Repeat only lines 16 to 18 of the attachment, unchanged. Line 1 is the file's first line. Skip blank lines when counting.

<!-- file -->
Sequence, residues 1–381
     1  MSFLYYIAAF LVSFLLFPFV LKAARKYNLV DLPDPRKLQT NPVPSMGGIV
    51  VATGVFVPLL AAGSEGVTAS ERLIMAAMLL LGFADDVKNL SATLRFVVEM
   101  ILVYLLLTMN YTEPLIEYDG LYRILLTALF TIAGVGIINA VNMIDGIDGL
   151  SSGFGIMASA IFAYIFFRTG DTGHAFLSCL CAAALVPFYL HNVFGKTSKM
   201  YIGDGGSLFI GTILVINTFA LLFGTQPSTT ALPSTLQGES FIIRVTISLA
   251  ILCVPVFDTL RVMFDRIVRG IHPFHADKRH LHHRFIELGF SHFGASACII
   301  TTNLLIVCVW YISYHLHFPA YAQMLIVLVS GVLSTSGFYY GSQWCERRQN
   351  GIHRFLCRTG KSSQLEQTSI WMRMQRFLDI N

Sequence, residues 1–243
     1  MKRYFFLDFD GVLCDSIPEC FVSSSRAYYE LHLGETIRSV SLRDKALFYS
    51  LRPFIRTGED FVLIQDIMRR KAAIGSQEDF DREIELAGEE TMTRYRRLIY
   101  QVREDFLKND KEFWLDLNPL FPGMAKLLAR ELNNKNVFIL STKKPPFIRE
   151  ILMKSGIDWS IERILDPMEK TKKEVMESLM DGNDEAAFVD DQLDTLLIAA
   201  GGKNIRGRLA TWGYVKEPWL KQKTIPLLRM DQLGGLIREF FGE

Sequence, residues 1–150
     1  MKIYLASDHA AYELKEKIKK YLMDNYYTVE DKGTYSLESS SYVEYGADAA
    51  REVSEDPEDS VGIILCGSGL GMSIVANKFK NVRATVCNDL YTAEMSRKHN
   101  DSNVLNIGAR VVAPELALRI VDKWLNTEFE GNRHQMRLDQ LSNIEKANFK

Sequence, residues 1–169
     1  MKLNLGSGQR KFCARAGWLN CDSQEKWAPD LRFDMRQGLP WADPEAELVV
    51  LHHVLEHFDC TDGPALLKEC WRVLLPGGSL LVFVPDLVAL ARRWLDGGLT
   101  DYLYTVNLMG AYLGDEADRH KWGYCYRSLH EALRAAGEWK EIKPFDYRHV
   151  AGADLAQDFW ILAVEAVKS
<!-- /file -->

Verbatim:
Sequence, residues 1–150
     1  MKIYLASDHA AYELKEKIKK YLMDNYYTVE DKGTYSLESS SYVEYGADAA
    51  REVSEDPEDS VGIILCGSGL GMSIVANKFK NVRATVCNDL YTAEMSRKHN